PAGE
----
Good news -- the Biden administration is set to announce the largest increase in Supplemental Nutrition Assistance Program (SNAP) benefits in the program's entire history.
Benefits under the program were set to drop by 15 percent next month when a temporary boost authorized by coronavirus relief legislation expires, but the Biden administration is planning to increase benefits by 25 percent.
Average benefits in October will go up by more than 25% from pre-pandemic levels for the 42 million people in the program, a U.S. official said, speaking on condition of anonymity before Monday’s announcement.
The increase means that average monthly benefits will rise $36 per person from $121, according to the official. The New York Times reported the planned change earlier. The increase also means an approximate $20 billion cost increase per year for the program, Vilsack said.
“I think the pandemic sort of shocked people out of the belief that this is a program that was for some others, somebody else, I would never be involved in the SNAP program,” Vilsack said. “All the sudden we found families either in need of SNAP or in need of the food bank pantry system that never in a million years thought that they would be faced with that situation.”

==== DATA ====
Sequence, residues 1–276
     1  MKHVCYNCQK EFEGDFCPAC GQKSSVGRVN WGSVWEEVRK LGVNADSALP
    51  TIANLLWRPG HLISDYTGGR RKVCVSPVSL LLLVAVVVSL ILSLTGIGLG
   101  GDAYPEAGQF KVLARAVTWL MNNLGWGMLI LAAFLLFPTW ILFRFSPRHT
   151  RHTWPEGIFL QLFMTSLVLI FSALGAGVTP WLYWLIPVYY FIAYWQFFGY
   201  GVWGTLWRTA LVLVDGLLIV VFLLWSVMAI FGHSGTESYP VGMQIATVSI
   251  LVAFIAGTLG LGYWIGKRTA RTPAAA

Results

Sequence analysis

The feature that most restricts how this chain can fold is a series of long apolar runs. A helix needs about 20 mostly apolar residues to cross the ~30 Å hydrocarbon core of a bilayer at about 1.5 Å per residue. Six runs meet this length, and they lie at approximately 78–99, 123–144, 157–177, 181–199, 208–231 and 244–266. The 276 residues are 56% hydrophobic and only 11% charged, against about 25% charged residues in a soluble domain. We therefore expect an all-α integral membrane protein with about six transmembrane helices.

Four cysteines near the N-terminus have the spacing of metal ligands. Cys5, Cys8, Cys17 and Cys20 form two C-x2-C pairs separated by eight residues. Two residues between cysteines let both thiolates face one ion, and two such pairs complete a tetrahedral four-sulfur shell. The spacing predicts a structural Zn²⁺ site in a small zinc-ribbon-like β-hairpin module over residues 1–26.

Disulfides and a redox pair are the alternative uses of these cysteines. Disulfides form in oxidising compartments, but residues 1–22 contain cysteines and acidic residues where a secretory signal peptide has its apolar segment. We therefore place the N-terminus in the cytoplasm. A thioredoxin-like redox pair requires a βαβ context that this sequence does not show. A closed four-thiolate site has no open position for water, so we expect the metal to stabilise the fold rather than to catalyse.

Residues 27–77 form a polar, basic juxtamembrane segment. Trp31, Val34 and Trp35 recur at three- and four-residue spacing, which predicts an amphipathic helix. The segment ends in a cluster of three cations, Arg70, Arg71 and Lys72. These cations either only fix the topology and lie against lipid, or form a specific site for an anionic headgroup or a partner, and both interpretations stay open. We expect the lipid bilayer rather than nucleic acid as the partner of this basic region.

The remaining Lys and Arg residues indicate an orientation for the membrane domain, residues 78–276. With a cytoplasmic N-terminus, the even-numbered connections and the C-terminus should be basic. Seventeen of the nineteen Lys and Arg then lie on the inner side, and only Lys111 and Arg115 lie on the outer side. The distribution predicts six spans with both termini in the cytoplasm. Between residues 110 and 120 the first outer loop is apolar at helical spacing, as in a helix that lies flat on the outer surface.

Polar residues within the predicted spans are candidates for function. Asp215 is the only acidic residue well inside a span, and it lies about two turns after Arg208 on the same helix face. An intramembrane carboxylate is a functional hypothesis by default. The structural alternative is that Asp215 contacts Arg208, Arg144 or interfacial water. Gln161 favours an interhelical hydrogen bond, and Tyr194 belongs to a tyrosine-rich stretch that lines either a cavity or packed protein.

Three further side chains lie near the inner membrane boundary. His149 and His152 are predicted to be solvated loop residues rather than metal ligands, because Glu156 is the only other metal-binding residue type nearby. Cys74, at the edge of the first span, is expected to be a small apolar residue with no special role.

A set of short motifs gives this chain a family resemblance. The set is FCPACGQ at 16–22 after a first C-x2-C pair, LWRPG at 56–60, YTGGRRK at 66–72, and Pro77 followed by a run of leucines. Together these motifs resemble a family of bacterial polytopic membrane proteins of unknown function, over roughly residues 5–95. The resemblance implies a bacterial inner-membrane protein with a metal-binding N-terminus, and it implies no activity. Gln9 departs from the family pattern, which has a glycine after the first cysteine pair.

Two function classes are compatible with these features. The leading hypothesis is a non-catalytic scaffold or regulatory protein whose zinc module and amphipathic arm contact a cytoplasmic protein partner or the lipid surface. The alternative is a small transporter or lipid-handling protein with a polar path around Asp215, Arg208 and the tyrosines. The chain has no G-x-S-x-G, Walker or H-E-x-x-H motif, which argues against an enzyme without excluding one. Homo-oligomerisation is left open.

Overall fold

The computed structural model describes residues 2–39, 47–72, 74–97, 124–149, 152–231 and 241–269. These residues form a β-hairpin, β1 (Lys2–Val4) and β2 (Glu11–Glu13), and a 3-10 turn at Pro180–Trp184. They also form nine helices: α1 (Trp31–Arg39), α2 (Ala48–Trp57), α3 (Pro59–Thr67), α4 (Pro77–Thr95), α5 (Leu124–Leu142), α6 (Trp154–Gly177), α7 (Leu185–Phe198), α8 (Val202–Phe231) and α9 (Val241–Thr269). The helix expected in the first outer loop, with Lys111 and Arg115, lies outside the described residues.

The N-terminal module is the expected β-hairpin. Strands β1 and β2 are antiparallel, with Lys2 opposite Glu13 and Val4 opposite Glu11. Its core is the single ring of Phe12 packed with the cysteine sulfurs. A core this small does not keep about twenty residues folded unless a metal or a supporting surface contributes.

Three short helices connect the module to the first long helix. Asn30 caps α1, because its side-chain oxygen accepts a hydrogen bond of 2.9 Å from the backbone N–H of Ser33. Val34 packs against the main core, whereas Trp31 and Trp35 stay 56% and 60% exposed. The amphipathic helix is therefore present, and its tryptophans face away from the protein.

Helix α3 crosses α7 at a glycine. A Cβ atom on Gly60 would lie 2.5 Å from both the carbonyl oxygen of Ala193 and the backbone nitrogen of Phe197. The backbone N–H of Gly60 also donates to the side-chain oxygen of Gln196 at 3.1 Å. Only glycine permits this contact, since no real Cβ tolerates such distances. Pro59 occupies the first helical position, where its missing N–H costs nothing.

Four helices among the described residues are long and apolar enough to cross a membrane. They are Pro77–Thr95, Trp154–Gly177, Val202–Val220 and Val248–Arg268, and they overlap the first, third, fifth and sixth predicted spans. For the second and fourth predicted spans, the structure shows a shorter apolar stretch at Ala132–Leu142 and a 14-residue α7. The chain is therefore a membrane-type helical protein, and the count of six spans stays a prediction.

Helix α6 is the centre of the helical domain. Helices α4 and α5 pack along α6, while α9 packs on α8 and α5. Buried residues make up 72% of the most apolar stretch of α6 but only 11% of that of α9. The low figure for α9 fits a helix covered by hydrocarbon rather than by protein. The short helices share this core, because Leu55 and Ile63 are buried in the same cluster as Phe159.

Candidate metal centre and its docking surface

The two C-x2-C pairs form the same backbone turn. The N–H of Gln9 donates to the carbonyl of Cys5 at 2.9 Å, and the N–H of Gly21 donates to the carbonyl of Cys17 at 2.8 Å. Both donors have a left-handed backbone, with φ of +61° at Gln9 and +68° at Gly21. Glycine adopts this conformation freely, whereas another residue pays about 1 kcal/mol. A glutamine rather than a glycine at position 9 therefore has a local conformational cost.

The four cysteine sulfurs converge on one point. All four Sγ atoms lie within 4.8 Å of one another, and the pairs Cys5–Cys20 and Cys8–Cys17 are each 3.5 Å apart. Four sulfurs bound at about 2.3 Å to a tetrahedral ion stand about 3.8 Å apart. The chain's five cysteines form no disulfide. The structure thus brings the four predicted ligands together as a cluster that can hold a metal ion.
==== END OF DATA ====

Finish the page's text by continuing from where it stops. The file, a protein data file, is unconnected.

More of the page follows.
Even at $157 per month, that's not a lot for even one adult to eat with. But it's better than nothing and it's better anything provided to the public before.
It's also not happening in a vacuum. You may recall that the Biden administration has already extended no-questions-asked universal free meals for students and their families through the end of the year and Democrats in Congress are close to making that permanent through a combined $4 trillion in infrastructure and social spending.
The two programs combined means a dramatic reduction in childhood hunger and a reduction for their parents too.
No one should have to worry about food.